"i've got some bad news..."
This entry starts off with a story...
Writing this journal entry about our trip to Utah is hard to do. I haven’t talked much about this trip and everything that transpired after our return back to Atlanta… But, it’s time.
Join the Adventure is my passion. My main goal in life is to be successful doing work that I am passionate about, and I am working toward attaining that goal every day. I wake up every day and go to work so I can earn enough money to fund these film projects. The Belize project was cool, but I knew it wasn’t the BEST that I could do. In November of last year, I was able to save enough money to put together another trip… Utah was going to be IT! I had more experience, a new story, better camera equipment, and a great team. We took the 4-hour plane ride, captured some amazing footage, and came back to Atlanta confident that this project would be the one that would solidify funding. But, after the New Year that would all change…
One night Tré (my Co-Director and DP) asked me to come to his house. “I’ve got some bad news...”, said Tré. The solid-state drive that Utah was stored on, was damaged. And all of our footage? GONE.
We sought the services of three data recovery companies, with no luck. Only 10% of the footage could be recovered—not what I wanted to hear at all.
Oddly enough, I was upset only for a brief moment. Things happen. We all make mistakes—ours, not having that footage backed up. However, we learn from the losses that we take in life. We have to take our L’s in stride so we can move forward and be better. And that’s what I did. When I got the news, I immediately started planning the next adventure. How can we make this up? How can we make the next project bigger and better? I didn’t know it at the time, but I would soon be exploring Iceland—filming the next installment of Join the Adventure.
Despite the devastating loss of our Utah footage, I still have amazing photos from the trip worth sharing.
weather & canyons.
Southern Utah—apart of the Colorado Plateau—is an area rich in canyons. These amazing landforms are deep gorges and cliffs resulting from weather and erosive activity. To understand this definition, we need to know more about weathering and erosion, and how these forces work together.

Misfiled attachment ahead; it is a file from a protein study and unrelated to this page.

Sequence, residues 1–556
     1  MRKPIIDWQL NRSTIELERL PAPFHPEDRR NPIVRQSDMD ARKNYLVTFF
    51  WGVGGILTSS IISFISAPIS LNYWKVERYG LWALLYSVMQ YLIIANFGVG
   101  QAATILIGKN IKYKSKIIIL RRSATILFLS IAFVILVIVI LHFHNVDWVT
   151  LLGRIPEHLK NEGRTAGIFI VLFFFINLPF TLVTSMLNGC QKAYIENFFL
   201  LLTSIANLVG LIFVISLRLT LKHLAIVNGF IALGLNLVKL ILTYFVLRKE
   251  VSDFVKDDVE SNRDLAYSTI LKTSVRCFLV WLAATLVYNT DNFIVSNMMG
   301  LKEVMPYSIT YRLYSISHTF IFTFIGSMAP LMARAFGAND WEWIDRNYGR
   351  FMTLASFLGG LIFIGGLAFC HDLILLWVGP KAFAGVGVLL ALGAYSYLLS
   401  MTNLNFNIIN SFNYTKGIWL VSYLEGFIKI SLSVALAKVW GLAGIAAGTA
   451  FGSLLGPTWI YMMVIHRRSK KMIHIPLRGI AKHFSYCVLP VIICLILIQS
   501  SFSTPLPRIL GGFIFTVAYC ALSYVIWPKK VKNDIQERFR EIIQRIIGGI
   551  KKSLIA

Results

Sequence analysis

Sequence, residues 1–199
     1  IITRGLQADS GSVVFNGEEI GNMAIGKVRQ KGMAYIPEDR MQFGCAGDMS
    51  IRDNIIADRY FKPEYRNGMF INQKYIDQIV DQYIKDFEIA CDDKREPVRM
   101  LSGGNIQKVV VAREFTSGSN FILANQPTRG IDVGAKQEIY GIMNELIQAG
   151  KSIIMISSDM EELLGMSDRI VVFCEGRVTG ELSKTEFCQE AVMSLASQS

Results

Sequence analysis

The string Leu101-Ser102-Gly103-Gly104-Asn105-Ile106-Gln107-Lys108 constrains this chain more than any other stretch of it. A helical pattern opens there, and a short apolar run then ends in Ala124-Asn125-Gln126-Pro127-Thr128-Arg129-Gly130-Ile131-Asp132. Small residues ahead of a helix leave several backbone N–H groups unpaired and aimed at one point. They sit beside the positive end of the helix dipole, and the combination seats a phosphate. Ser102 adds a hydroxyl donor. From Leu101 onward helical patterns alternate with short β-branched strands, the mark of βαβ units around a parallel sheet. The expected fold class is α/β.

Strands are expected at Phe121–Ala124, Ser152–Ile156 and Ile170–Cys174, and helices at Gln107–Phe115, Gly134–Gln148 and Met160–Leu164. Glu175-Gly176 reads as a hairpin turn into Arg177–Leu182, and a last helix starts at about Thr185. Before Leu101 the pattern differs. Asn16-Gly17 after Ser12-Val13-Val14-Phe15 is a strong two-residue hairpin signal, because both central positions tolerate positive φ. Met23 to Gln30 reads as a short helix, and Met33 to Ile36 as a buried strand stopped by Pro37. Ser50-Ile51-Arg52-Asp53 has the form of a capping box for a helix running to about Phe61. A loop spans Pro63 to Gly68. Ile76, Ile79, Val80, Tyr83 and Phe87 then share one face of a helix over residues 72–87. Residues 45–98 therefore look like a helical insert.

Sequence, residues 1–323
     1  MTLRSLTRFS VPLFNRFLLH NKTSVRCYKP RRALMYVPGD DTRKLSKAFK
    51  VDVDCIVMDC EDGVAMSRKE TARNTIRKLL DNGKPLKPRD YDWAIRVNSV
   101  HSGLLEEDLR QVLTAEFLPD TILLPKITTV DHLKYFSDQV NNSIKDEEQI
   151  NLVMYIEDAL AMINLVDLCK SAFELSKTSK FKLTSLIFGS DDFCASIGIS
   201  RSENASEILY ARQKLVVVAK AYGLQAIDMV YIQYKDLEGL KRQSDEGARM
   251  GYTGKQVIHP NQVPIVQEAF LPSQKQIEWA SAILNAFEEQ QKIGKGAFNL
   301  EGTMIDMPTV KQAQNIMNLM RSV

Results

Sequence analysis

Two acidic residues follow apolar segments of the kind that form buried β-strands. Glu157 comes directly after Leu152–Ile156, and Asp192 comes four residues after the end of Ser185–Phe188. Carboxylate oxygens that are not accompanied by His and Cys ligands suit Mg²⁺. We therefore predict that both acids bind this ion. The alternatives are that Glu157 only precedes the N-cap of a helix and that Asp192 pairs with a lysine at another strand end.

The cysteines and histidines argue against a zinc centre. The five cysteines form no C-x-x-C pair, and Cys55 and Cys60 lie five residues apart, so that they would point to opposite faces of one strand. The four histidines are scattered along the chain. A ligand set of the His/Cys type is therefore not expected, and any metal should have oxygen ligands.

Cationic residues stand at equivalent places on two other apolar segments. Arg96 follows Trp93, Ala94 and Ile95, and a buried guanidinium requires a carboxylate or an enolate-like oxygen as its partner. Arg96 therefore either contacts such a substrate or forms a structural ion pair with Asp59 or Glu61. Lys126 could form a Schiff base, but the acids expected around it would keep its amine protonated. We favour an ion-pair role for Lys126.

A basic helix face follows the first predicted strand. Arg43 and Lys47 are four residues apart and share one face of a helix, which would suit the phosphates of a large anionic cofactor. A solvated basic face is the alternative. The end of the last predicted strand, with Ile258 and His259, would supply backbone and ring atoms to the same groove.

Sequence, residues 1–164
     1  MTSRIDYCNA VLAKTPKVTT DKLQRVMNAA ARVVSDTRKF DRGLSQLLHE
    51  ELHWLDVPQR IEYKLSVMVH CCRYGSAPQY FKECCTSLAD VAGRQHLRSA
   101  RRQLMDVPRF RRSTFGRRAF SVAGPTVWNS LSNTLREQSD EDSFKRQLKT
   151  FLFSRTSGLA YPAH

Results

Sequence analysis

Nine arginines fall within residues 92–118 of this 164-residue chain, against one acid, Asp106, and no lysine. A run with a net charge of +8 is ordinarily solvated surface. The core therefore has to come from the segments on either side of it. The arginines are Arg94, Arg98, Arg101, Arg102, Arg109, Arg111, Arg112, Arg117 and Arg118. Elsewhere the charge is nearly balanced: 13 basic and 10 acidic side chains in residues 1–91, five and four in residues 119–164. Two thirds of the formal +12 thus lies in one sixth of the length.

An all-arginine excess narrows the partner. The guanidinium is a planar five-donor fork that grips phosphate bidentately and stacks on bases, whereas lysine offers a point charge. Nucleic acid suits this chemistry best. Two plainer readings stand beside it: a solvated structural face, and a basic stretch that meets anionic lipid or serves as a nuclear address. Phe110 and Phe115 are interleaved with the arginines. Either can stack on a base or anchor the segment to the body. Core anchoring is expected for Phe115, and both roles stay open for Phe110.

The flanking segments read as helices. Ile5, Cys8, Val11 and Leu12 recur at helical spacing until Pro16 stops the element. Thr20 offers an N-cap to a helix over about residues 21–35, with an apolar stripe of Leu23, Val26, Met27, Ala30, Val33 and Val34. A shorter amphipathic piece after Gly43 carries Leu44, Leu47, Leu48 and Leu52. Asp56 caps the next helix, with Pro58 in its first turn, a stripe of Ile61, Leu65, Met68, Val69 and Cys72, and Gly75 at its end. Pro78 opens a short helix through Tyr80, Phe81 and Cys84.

Weathering is the breakdown of Earth’s surface by forces such as rain and wind. Erosion refers to the movement of weathered materials by forces such as wind and moving water. No rock on Earth’s surface is hard enough to resist weathering. These forces are what shapes our planet’s surface overtime.
We started by visiting Capitol Reef National Park, located in Wayne County Utah. This park is a warp in the Earth’s Crust that is about 65 million years old. This warp was formed by collisions with the Rocky Mountains, and has weathered and eroded over millennia to expose layers of rock and fossils. Erosion of the rock layers continue, forming the cliffs, domes, and canyons that we see in the park today.
our footage may be gone, but we still have memories made and experience gained.
Next, we made our way to Bryce Canyon National Park, another geologic wonder about an hour away from Escalante.
Though this park was not formed by flowing water; water is still the active ingredient in its creation. Bryce Canyon was primarily formed by “frost wedging” and chemical weathering—the same mechanism that forms pot holes in roadways. For 200 days a year the temperature goes above and below freezing every day. During the day, melt water seeps into fractures only to freeze at night. Ice exerts a tremendous amount of force and over time this "frost-wedging" shatters and pries rock apart forming the peaks and spires we see in the park today.
bryce at sunset—love.
Our last stop on our tour of Southern Utah was Zion National Park, located near Springdale Utah. We would spend three days exploring the park.
The rock layers in Zion have been uplifted, tilted, and eroded, forming a feature called the Grand Staircase-- a series of colorful cliffs stretching between Bryce Canyon and the Grand Canyon. Uplift gave the streams in Zion National Park greater cutting force. Zion’s location on the western edge of this uplift caused the streams to tumble off the plateau, flowing rapidly down a steep gradient. A fast-moving stream carries more sediment and larger boulders than a slow-moving river. These streams began eroding and cutting into the rock layers, forming the deep and narrow canyons that we see today.
Angels Landing is one of the most famous hikes in the world, and rightly so—this hike is NO JOKE! Hiking 5 miles through steep switch backs and 1,000 feet drop offs was probably one of the most physically and mentally challenging things I’ve ever done. But, the feeling of accomplishment once we reached the top made it all worth it.